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Myosin

Myosin is the principal protein of the myofilaments in muscle. Along with actin, it is involved in muscle contraction. Myosin, from several species, has been purified and characterized. Recent studies on highly purified myosin indicate that it has a molecular weight of about 500,000. Purified myosin preparations have the capacity to hydrolyze the terminal phosphate group from adenosine triphosphate (ATP). The reaction can be illustrated as follows:

    MYOSIN
ATP ------> ADP + Pi
The ATPase activity of myosin is stimulated by Ca2+ and it has two pH optima, one at pH 6.0 and the other at pH 9.5. The reaction is also influenced by KCl concentration. In addition to ATP, myosin can also hydrolyze the terminal phosphate groups from cytidine triphosphate (CTP), guanosine triphosphate (GTP) and inosine triphosphate (ITP).




The amount of myosin that will liberate one micromole of inorganic phosphorous from ATP per minute at 25°C, pH 9.0 in the presence of calcium ions.


The catalytic activity of myosin is determined by estimating spectrophotometrically the inorganic phosphate liberated by the enzyme from ATP in the presence of calcium ions (Perry, S.V. in Methods in Enzymology, Colowick, S.P. and Kaplan, N.O. eds.; Vol II, 582, 1955, Academic Press, New York).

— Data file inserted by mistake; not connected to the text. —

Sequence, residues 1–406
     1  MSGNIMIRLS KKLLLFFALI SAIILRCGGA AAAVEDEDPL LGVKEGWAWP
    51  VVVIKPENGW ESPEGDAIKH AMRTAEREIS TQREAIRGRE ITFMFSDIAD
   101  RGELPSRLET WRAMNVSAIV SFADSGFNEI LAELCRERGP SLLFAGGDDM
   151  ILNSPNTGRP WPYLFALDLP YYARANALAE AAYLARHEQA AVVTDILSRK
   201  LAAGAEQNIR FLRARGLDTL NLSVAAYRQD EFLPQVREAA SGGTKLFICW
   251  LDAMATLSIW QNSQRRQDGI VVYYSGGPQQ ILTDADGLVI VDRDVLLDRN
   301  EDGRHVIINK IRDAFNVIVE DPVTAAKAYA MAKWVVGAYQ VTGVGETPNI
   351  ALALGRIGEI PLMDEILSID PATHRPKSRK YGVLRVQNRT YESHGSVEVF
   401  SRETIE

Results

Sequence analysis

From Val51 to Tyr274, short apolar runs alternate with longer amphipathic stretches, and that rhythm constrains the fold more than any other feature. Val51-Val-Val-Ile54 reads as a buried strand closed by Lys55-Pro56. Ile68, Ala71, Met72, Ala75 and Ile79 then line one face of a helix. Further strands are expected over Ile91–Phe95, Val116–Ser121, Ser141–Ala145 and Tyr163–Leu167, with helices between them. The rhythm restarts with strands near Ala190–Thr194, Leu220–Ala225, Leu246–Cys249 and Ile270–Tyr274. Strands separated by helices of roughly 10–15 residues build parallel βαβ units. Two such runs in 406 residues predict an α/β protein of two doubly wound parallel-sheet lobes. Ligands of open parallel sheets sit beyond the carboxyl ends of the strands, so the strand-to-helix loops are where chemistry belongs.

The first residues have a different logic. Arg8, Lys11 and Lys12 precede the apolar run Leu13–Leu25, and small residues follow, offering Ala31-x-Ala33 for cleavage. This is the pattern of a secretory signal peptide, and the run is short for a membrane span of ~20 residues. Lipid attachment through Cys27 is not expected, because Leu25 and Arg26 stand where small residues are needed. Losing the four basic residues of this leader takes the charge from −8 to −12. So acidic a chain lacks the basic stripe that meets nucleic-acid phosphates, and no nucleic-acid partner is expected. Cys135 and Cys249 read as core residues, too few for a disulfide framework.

1. 0.2 M Glycine-NaOH buffer, pH 9.0.
  2. 0.1 M Calcium chloride in distilled water.
  3. 0.05 M ATP, sodium salt, pH 6.8.
  4. Myosin (enzyme) solution. Make appropriate dilutions using 0.5 M KCl.
  5. 15% Trichloroacetic acid (TCA).



  1. In the required number of test tubes pipette the following reagents in the amounts indicated:
    Glycine-NaOH buffer 1.3 ml
    Calcium chloride 0.2 ml
    ATP 0.3 ml
  2. Incubate test tubes at 25°C for 5-10 minutes.
  3. Initiate reaction by addition of 0.2 ml myosin solution to each test tube (to the blank tube add 0.2 ml 0.5 M KCl solution). Place in water bath-shaker at 25°C for 5 minutes.
  4. Terminate reaction by rapid addition of 1 ml 15% TCA to each tube.
  5. Centrifuge to remove precipitate.
  6. Use 1 ml supernatant for the estimation of inorganic phosphate released (Fiske, C.H. and Subba Row Y., J. Biol. Chem., 66, 375, 1925).



Calculate units of activity for myosin by using a phosphate standard curve.
 

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